China's technology industry enters a new year, after experiencing unprecedented chaos in 2019, when giant technology companies appearing in the field of social media and human intelligence suffered from the onslaught of Washington - to curb the development of China - the world's No. 2 economy.
China's position as a factory for the technological world is in danger. Assemblers (mostly from Taiwan) of electronic devices for leading technology companies around the world are exploring options outside of China - to varying degrees.
From Inventec Corp to Foxconn Technology Group and Quanta Computer Inc., manufacturers of everything - from iPhones to Dell laptops - have moved production back to Taiwan, or to more remote regions across Asia, to find ways to avoid US tariffs.
The idea is that, even if the Washington and Beijing governments reach an agreement on trade, multilateral string reciprocal is essential in the long run, trade tensions are unlikely to be reduced and labor costs will evidently rise in China as the economy grows ..
Even China's leading hardware vendors recognize the risks. Luxshare Precision Industry Co. has invested in Vietnam and established a unit in India, while Goertek Inc. has begun manufacturing Apple AirPods in Vietnam.
Collectively, the collective migration speaks to the beginning of an end to the system order that has served the world's leading electronics brands since the 1980s.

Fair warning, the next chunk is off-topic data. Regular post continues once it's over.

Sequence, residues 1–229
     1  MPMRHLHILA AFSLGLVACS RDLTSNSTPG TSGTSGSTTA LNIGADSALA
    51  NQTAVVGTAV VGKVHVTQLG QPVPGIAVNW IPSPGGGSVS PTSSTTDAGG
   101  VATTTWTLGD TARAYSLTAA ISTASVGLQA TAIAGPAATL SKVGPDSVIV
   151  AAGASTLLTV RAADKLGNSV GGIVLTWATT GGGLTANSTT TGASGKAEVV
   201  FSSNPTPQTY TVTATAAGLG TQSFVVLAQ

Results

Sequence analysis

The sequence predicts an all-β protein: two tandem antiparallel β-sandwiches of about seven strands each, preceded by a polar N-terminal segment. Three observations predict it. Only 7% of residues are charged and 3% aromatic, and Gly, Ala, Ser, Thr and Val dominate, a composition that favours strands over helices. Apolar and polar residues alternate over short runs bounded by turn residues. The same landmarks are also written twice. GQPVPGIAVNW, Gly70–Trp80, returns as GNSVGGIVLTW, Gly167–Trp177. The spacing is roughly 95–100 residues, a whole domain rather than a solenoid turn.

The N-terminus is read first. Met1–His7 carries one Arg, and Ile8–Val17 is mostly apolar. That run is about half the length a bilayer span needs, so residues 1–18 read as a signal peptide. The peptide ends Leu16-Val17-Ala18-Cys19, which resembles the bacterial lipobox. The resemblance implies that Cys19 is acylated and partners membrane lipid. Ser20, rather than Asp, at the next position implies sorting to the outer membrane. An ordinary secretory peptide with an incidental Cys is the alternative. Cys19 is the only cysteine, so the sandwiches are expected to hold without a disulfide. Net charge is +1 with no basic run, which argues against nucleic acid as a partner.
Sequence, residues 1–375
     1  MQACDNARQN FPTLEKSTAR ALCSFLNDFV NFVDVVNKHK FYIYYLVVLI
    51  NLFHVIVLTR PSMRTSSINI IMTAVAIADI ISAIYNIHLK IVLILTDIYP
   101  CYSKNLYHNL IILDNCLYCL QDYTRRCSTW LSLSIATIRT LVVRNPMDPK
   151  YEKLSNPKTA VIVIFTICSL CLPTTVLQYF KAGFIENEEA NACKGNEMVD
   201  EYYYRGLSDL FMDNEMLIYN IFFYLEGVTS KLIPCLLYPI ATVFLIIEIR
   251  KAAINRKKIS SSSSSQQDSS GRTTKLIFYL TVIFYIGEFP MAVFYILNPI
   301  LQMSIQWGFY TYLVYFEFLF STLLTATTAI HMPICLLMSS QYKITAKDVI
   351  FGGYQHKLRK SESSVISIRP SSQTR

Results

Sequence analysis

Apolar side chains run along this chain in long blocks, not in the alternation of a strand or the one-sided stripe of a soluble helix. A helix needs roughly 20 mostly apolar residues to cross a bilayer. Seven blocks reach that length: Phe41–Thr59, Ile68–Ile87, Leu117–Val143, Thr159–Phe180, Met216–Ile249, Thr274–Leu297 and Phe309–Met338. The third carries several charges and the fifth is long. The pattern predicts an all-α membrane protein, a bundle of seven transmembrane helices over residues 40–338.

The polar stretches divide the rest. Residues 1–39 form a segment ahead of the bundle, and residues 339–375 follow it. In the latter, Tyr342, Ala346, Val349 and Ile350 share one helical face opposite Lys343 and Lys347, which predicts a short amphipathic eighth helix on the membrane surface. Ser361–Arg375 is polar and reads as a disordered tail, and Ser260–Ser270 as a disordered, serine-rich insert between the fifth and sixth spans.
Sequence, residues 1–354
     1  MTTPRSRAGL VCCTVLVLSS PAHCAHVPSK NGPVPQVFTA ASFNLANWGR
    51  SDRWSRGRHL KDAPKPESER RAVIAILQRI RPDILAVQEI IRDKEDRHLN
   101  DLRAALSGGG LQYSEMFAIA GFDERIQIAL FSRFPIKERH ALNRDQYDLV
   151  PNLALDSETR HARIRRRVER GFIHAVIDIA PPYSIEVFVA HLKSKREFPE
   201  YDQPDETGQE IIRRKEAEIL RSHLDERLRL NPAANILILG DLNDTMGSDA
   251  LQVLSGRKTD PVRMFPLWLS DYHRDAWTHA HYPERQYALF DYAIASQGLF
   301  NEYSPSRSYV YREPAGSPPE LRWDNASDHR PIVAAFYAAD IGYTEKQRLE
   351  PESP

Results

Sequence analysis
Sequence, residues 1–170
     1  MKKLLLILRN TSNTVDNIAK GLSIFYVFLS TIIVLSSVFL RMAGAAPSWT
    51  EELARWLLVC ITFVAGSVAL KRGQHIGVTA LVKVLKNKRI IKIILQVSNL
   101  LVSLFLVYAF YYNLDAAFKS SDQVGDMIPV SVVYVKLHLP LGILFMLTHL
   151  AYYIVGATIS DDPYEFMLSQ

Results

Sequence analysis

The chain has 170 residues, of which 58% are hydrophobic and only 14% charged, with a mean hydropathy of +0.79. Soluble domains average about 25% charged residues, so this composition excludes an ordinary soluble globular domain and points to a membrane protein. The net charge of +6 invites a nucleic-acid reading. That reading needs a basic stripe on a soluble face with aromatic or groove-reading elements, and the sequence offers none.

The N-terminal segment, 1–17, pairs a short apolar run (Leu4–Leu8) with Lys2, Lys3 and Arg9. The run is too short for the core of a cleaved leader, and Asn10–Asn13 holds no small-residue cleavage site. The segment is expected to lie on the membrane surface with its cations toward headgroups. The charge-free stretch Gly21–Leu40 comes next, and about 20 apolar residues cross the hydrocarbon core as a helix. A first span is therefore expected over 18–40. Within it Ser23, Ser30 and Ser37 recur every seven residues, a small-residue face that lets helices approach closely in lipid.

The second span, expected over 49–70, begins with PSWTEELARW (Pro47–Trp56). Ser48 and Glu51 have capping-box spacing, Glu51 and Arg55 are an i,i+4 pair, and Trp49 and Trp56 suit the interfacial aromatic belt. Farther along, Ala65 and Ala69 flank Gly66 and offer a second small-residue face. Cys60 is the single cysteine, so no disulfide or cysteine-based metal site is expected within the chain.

Last year, Chinese technology workers adapted to the new reality. Many have accepted to work in start-up companies - hoping to make money when they go public or are acquired.
But as the chain cool off, the prospect of working long hours - 996, from 9am to 9pm, 6 days a week - loses its appeal. In March, Chinese developers on GitHub put out a list of well-known companies about getting their employees to work overtime. That post raised a clear awareness of the dramatic increase in manpower costs amid a technological explosion in China.
One thing is clear: Chinese technology, which has long been considered the only thing that can replace a world that dominates US technology, will increasingly become far away and compete directly with the United States. And some of China's biggest companies will seek to expand their influence abroad, as they have done in Africa and Southeast Asia.
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